Transient activity assays were performed in Arabidopsis mesophyll protoplasts from Columbia wild-type or SnRK2.2/2.3/2.621 as described previously (http://genetics.mgh.harvard.edu/sheenweb)28. Transfected protoplasts were incubated for 5 h in light in the presence of 0 (open bars) or 5 μM (+) ABA, and then used for measuring LUC and GUS activities as described previously28. Yeast two-hybrid and triple-hybrid assays, co-immunoprecipitation and BiFC assays were similar to those described previously13. Purification of GST-HAB1, His-PYR1 and His PYR1P88S was carried out as described previously12. GST, GST-ABI1, GST-ABF2 fragment, MBP and MBP-SnRK2.6 constructs were transformed into E. coli Rosetta cells (Novagen) and the recombinant proteins isolated by affinity purification. Purification of MBP-ABI1, MBP-ABI2, His-PYL8, His-PYL5 and His-SnRK2.6 was as described previously13. In-gel kinase assays were performed as described previously20 with the modification that 300 μg protein was loaded for samples without ABA treatment. For germination assays, seeds were plated on MS medium containing 3% sucrose. In each experiment, at least 50 seeds per genotype were stratified at 4 °C for 3 d, and the presence of green cotyledons was scored after 6-day incubation at 23 °C.
For protoplast isolation, Arabidopsis thaliana ecotype Columbia and snrk2.2/2.3/2.6 triple mutant plants were grown on Jiffy7 soil (Jiffy Products Ltd., Canada) in an environment-controlled chamber (illumination of 75 μmol m−2 s−1, photoperiod of 13 h light/11 dark, 22 °C).
The RD29B promoter region11 was PCR amplified form Columbia genomic DNA and cloned by replacing CBF3 promoter in CBF3-LUC protoplast expression vector. CBF3-LUC, UQ10-GUS, ABI1 and ABI1G180D protoplast expression plasmid vectors were kindly provided by Jen Sheen (Massachusetts General Hospital, Boston, MA 02114). ABI1 was replaced with His-PYR1/His-PYLs/His-PYRP88S, HAB1-myc, ABF2-HA/ABF2 mutant versions, SnRK2-Flag/SnRK2.6K50N sequences. All the plasmids were sequenced to confirm the sequence and avoid cloning errors. β-glucuronidase (GUS) reporter plasmid was used as internal control to normalize transfection efficiency in protoplast assays. Primers used for preparing protoplast expression vectors are as follows:
In SnRK2.2-Flag plasmid, SnRK2.2 was replaced with SnRK2.3 or SnRK2.6.
His-PYR1 was constructed with following primers:
His- PYR1-F1: CACCATCACCCATGGATGCCTTCGGAGTTAACACCAG
In His-PYR1 plasmid, PYR1 was replaced with PYLs with following primers:
ABF2-HA plasmid was used for in vitro mutagenesis by using The GeneTailor™ Site-Directed Mutagenesis System (Catalog no. 12397-014, Invitrogen) with the following mutagenic primers:
About four-week-old plants were used for protoplast isolation as described previously (http://genetics.mgh.harvard.edu/sheenweb)28. All the chemicals used in protoplast isolation were obtained from Sigma. About 0.5–1 mm width leaf strips cut from the middle part of leaves were vacuum infiltrated with enzyme solution containing 20 mM MES (pH 5.7), 1.5% (wt/vol) cellulase R10 (Yakult Pharmaceutical Ind. Co., Ltd., Japan), 0.4% (wt/vol) macerozyme R10 (Yakult Pharmaceutical Ind. Co., Ltd., Japan), 0.4 M mannitol and 20 mM KCl, 10 mM CaCl2, 1 mM β-mercaptoethanol (optional) and 0.1% BSA. After 30 minutes infiltration, leaf strips in enzyme solution was incubated in dark for 3h. Protoplasts were diluted with W5 (2 mM MES pH 5.7 containing 154 mM NaCl, 125 mM CaCl2 and 5 mM KCl) solution to a final concentration of 2 × 105 cells mL-1. After 30 min resting, W5 solution was removed and protoplasts were resuspended in MMg solution (4 mM MES pH 5.7 containing 0.4 M mannitol and 15 mM MgCl2). For transfection, 100 μL of protoplasts (2 × 104 cells) were mixed with plasmid constructs (in 10 μL) and 110 μl of PEG solution (40%, wt/vol, PEG4000 in ddH2O containing 0.2 M mannitol and 100 mM CaCl2). After 10 minute incubation, transfection was stopped by adding 440 μl of W5 solution. Protoplasts were harvested by centrifugation at 100 × g for 2 min at room temperature and resuspended in about 100 μl of W5 solution. Then, protoplasts were incubated WI solution (4 mM MES pH 5.7 containing 0.5 M mannitol and 20 mM KCl) with 0 or 5 μm (+) ABA for 5 h. Protoplasts were harvested by centrifugation at 100 × g for 2 min, frozen in liquid N2 and store at −80 °C until further use. The frozen protoplasts were resuspended in 100 μl of protoplast lysis buffer (2.5 mM Tris–phosphate pH 7.8 containing 1 mM DTT, 2 mM DACTAA, 10% (vol/vol) glycerol and 1% (vol/vol) Triton X-100). 100 μl LUC mix (Promega) was added in 10 μl of the lysate and LUC activity was measured with a plate reader (Wallac VICTOR2 plate reader). 2 μl of the protoplast lysate was mixed with 10 μl of MUG substrate mix (10 mM Tris–HCl pH 8 containing 1 mM MUG and 2 mM MgCl2) and incubated for 30 min at 37 °C. The reaction was stopped by adding 10 μl of 0.2 M Na2CO3 and the fluorescence of MU was quantified using a plate reader (Wallac VICTOR2 plate readers).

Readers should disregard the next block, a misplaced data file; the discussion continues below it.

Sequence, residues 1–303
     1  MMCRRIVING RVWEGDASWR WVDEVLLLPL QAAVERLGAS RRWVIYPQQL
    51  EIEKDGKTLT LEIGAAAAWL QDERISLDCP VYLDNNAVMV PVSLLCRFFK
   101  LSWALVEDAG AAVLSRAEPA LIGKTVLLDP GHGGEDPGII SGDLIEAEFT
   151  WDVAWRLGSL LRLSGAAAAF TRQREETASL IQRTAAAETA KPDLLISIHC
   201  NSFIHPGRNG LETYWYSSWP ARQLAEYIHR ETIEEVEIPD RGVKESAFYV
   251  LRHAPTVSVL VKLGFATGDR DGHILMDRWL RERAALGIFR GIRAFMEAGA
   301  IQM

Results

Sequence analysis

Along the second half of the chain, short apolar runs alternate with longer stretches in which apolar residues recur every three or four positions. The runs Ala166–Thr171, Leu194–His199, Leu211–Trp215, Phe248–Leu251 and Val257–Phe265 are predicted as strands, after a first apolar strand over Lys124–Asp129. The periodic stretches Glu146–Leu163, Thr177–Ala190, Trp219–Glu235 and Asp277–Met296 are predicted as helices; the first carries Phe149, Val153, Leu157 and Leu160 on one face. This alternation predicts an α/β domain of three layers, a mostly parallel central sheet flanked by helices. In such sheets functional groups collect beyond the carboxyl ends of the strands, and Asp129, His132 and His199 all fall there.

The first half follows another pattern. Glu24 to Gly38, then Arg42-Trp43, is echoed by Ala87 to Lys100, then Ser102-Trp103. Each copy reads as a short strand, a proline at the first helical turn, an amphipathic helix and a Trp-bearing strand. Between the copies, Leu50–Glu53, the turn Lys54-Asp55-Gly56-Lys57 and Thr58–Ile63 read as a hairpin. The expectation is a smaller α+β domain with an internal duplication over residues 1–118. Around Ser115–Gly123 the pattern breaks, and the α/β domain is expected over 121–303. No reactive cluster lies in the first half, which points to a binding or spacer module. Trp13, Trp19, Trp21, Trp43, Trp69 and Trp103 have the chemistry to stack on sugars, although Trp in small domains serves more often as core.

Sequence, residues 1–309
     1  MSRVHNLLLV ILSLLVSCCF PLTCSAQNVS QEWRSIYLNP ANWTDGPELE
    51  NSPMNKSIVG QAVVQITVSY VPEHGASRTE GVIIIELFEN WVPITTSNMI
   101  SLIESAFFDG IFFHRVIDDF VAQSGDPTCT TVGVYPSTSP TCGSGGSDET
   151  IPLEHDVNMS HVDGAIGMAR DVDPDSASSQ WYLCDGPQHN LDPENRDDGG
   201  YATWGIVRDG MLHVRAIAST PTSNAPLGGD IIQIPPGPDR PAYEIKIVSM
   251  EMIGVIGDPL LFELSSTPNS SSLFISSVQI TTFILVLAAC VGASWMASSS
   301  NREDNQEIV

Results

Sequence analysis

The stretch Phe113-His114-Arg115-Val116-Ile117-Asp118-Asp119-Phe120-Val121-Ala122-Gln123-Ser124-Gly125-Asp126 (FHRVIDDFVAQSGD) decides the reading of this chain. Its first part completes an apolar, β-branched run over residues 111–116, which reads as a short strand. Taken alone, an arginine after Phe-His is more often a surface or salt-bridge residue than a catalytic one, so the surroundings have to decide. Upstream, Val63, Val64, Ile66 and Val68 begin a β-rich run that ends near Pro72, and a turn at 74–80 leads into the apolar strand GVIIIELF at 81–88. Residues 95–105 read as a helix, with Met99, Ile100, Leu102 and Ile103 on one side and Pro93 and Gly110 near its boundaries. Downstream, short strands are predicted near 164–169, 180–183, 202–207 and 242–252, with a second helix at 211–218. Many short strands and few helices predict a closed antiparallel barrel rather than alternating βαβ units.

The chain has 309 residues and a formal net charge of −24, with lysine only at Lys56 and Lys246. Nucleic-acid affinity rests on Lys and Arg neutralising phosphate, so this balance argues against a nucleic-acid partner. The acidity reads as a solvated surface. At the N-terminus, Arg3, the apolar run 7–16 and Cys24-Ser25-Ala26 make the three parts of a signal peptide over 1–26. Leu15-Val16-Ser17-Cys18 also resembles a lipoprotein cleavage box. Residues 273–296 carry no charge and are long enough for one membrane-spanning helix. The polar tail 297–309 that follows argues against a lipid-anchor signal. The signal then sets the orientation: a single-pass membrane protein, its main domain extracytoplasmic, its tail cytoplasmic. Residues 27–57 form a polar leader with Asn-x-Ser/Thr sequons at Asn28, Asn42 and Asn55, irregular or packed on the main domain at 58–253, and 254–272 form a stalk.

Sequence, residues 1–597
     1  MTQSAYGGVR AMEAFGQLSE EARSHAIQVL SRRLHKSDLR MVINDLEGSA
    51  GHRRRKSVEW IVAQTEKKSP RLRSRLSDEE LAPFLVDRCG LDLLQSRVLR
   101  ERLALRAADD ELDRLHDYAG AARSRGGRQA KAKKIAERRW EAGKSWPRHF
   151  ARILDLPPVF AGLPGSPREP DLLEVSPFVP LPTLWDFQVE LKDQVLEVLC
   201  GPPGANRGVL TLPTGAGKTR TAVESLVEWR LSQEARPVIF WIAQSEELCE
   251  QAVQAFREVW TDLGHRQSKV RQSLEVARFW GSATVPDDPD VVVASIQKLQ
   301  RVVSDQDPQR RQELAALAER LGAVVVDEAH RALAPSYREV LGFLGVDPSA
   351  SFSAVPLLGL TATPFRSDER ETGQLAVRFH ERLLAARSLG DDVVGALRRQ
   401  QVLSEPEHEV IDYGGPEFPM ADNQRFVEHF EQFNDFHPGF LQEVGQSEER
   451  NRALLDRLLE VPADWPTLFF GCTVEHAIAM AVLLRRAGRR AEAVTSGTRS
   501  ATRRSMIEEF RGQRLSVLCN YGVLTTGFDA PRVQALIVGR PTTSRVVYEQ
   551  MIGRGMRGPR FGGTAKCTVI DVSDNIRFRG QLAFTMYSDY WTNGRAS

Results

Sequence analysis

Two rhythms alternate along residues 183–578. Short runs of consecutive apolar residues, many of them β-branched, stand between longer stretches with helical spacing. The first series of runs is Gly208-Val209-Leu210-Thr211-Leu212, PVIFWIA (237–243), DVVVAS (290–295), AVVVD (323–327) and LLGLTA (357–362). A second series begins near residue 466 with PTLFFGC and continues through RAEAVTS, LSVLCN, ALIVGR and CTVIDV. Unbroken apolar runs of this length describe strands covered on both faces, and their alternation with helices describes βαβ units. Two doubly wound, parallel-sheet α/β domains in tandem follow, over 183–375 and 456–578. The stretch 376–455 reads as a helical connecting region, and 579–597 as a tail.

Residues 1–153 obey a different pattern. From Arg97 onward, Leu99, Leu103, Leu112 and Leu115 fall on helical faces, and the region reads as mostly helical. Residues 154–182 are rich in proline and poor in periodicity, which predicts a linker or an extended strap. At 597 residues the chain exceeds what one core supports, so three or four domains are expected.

The RD29B promoter fused with LUC coding sequence was used as an ABA-responsive reporter gene (7 μg plasmid per transfection). ZmUBQ::GUS was included in each sample as an internal control (3 μg per transfection). ABF2-HA and its mutant versions, SnRK2.6-Flag and SnRK2.6K50N-Flag, His-PYR/PYLs and HAB1-myc plasmid constructs were used at 3 μg per transfection, while ABI1 was used at 2 μg per transfection.